By Steve Keating
TORONTO (Reuters) – The Toronto Maple Leafs’ bid to end their 56-year Stanley Cup drought got off to a woeful start on Tuesday as the Tampa Bay Lightning rolled to a 7-3 win in the opener of their best-of-seven first round series.
The Lightning have reached the Stanley Cup finals for the last three seasons, hoisting the trophy twice, and they showed the Maple Leafs how its done with a Game One master class that oozed poise and discipline.
“They’re experienced, they’ve gone through it many times, they understand how to play playoff hockey,” said Toronto captain John Tavares. “We have to just be aware that we have to be really disciplined.
“There’s a lot of emotion and a lot of momentum swings in playoff hockey.”
The Maple Leafs’ listless and chaotic effort did not sit well with fans, who booed the home side off the ice at the end of each period and reserved the most venom for the final buzzer.
After finishing the regular season with the league’s fourth best record expectations were high entering the postseason that the Leafs would, at the very least, win a playoff series, something they have not managed for 19 years.
But as the building emptied, the ice hockey mad city’s dreams of a first Cup since 1967 seemed as distant as ever.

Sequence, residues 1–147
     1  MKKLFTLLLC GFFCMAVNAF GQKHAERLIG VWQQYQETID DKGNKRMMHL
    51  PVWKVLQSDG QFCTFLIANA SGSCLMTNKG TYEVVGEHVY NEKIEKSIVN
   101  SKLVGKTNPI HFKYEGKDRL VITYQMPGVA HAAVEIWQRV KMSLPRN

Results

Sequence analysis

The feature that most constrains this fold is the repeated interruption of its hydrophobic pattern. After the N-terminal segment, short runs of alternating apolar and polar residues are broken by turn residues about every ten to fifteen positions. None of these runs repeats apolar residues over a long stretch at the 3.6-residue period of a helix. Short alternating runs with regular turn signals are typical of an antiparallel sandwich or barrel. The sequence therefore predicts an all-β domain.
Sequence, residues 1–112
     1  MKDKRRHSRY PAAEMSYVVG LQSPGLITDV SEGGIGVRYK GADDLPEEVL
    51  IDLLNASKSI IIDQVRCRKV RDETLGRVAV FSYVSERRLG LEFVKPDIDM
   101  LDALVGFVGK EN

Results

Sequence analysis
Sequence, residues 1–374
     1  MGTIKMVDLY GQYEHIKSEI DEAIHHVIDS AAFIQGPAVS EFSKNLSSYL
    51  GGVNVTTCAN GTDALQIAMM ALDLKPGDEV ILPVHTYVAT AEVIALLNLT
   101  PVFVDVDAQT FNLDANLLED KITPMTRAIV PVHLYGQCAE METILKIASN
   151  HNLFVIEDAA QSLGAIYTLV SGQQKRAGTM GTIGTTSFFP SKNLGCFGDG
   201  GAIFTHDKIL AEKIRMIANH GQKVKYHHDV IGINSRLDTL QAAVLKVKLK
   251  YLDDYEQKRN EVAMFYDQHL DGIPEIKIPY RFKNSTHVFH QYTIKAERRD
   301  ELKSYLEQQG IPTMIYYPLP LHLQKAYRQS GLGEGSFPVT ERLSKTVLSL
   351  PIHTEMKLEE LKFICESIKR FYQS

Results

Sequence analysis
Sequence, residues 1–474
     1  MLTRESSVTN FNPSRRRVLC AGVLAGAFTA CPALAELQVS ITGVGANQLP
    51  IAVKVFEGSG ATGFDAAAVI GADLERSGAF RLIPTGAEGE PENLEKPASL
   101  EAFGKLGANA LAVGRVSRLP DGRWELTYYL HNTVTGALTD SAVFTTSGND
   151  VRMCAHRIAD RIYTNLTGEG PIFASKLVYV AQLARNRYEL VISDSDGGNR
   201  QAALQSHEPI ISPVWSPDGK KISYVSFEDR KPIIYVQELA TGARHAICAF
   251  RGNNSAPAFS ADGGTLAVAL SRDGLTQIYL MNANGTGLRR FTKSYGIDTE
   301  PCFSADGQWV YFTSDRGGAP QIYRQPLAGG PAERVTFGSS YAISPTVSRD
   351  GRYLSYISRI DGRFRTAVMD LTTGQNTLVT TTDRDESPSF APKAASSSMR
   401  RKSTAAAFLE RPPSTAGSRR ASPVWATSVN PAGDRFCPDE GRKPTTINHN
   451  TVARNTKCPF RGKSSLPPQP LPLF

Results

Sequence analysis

It did not take long for all the positive energy swirling around Scotiabank Arena to turn flat, Tampa Bay’s Pierre-Edouard Bellemare scoring 78 seconds after the opening faceoff and Anthony Cirelli adding a second six minutes later.
And the mood turned ugly when Nikita Kucherov scored with four seconds to play in the period to make it 3-0.
The Leafs worked their way back into the game on the back of the league’s second best powerplay, with Ryan O’Reilly and William Nylander scoring on the man-advantage early in the second frame to trim the Tampa Bay lead to 3-2.
But the Lightning hit back with three powerplay goals of their own, one from Corey Perry and a pair from Brayden Point, to increase their lead to 6-2 going into the third.
Toronto’s comeback was short circuited when Michael Bunting was called for an illegal check, gifting Tampa Bay a five-minute powerplay that produced three goals.
The teams traded goals in the third, Ross Colton counting for Tampa Bay and Calle Jarnkrok for Toronto.
“There’s a whole bunch of gamers in that room and this night we knew they would come out,” said Lightning coach Jon Cooper.
Game Two is set for Thursday in Toronto.
(Reporting by Steve Keating in Toronto. Editing by Peter Rutherford)